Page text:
# 2002 Indonesia MO Problems/Problem 7

Let $ABCD$ be a rhombus with $\angle A = 60^\circ$, and $P$ is the intersection of diagonals $AC$ and $BD$. Let $Q$, $R$, and $S$ are three points on the rhombus' perimeter. If $PQRS$ is also a rhombus, show that exactly one of $Q$, $R$, and $S$ is located on the vertices of rhombus $ABCD$.

## Solution

Firstly, all rhombi are parallelograms, so that $P$ is the centroid of $ABCD$.

Suppose that $Q, R, S$ are all on one side of the rhombus. Then, in order for $PQRS$ to be a parallelogram, $P$ should also be on that side. But this is not so, so this case is impossible.

Suppose that $Q, R, S$ are on two sides of the rhombus; then one side is occupied by two of these points (the "majority side") and one side is occupied by only one of these points (the "minority side"). If $R$ is on the minority side, then $PQRS$ is necessarily self-intersecting and thusly not a parallelogram. Thusly, either $Q$ or $S$ is on the minority side; WLOG it is $Q$. Then $\vec{SR}$ is parallel to the majority side, so $\vec{PQ}$ must also be parallel to the majority side, so that $Q$ is the midpoint of the minority side. Then $\vec{PQ} = \vec{SR}$ must be exactly half the length of the majority side.

From here, we consider cases. Based on the symmetry of $ABCD$, however, we only need consider two: that where the majority side is $AB$ and the minority side $BC$, and that where the majority side is $AB$ and the minority side $DA$. In the first case, we find that in order to satisfy $PQ = QR$ and $A, R, B$ collinear, we must have $R = B$ or $R$ be outside of the segment $AB$, which is forbidden, so that exactly one vertex of $PQRS$ ( $R$) is also a vertex of $ABCD$. In the second case, we find that in order to satisfy $PQ = QR$ and $A, R, B$ collinear, we must have $R = A$ or $R$ be the midpoint of $AB$, so that exactly one vertex of $PQRS$ ( $R$ or $S$, respectively) is also a vertex of $ABCD$.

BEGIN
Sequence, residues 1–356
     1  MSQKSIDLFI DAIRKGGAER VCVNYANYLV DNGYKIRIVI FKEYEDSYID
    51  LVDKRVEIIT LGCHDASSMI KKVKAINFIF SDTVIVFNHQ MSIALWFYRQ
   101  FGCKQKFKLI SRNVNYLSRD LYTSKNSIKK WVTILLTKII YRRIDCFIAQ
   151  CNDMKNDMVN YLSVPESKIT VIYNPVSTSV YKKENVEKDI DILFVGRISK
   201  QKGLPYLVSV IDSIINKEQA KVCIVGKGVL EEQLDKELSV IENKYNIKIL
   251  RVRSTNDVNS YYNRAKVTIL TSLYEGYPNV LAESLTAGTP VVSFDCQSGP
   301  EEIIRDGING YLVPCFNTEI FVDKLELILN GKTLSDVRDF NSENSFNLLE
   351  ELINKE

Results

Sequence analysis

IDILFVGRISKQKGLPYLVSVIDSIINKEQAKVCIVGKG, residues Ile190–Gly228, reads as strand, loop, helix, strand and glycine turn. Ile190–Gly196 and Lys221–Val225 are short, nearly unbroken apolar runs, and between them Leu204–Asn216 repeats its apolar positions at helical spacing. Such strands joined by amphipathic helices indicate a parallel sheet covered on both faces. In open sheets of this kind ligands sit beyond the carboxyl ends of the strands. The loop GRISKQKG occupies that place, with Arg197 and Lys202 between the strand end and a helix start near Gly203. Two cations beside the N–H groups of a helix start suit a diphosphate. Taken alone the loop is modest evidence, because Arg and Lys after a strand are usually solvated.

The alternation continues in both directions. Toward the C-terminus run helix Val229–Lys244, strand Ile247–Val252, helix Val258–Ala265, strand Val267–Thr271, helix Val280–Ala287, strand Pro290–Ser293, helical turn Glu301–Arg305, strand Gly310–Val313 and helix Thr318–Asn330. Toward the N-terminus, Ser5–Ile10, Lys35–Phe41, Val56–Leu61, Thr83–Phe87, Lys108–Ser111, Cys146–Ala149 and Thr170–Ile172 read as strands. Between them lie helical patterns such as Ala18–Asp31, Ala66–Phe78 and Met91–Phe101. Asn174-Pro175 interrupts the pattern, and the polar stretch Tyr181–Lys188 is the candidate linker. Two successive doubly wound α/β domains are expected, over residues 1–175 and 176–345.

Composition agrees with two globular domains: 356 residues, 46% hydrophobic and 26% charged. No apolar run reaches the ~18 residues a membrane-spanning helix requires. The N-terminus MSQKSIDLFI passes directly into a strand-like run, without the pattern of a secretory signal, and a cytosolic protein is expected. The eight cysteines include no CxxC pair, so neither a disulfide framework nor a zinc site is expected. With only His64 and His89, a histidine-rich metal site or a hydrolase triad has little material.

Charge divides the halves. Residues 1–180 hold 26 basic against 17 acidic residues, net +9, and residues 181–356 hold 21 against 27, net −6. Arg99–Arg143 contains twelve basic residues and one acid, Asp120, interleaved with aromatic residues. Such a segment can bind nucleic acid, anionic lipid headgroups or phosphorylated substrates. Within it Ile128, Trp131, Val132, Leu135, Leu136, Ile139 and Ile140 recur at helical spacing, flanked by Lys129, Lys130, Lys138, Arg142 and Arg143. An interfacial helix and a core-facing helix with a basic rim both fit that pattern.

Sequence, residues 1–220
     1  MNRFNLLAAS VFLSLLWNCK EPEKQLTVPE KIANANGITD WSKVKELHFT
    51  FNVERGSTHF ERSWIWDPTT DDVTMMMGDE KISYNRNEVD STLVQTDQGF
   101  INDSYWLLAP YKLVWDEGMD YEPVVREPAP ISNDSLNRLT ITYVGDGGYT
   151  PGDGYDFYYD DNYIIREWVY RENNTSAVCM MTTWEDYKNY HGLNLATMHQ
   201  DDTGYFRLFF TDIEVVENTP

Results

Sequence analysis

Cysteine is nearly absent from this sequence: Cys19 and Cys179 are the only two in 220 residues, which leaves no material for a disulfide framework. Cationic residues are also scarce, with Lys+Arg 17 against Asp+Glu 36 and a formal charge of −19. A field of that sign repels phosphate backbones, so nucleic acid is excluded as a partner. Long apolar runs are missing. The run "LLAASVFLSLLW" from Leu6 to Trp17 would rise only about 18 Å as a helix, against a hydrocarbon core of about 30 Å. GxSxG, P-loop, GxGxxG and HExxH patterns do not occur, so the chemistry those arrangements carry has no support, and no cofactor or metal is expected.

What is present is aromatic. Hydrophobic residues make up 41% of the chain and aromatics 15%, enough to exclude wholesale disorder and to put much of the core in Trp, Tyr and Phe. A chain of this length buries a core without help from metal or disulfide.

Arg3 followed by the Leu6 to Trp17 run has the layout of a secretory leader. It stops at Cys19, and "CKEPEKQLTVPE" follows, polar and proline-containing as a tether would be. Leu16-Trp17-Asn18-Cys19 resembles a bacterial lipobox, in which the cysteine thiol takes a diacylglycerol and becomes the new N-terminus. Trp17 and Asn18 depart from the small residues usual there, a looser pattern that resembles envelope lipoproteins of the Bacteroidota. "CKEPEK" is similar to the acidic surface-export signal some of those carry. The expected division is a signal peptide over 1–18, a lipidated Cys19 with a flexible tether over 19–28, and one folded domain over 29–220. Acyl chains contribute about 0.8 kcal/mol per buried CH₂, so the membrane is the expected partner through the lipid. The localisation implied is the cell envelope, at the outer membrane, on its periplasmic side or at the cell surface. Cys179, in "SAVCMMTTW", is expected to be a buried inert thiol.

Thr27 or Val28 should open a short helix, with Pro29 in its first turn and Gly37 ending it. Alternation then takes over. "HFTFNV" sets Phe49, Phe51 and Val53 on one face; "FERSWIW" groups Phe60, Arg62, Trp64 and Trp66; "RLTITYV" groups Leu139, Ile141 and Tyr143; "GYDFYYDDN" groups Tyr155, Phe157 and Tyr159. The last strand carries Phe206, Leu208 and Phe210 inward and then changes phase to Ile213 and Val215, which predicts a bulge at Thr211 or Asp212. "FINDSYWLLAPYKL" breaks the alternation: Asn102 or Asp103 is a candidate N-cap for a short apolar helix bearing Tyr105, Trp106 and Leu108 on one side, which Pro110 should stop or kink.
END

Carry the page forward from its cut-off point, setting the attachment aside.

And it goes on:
Finally, suppose that $Q, R, S$ are on three different sides. WLOG, suppose that $R\in AB$. If one of the other vertices is on $CD$ (WLOG it is $Q$), then $S$ must be outside the parallelogram (since $h_S = h_P - h_Q + h_R = \frac{1}{2} - 1 + 0 = -\frac{1}{2}$, where $h_X$ is the (signed) height of $X$ to $AB$, scaled by the height of $C$). This is impossible, so we know that $Q$ and $S$ must not be on $CD$; WLOG, we have $Q\in DA, S\in BC$. Then the midpoint of $QS$ is on the line halfway between lines $DA$ and $BC$. Since the midpoint of $QS$ and that of $PR$ are the same, $R$ is the midpoint of $AB$. Then, in order to satisfy $PQ = QR$ and $PS = SR$, we must have $Q$ the midpoint of $DA$ and $S = B$, so that exactly one vertex of $PQRS$ (that is, $S$) is also a vertex of $ABCD$.

All cases having been considered, we have shown that if $PQRS$ is a rhombus, then exactly one of $Q$, $R$, and $S$ is a vertex of $ABCD$, and we are done.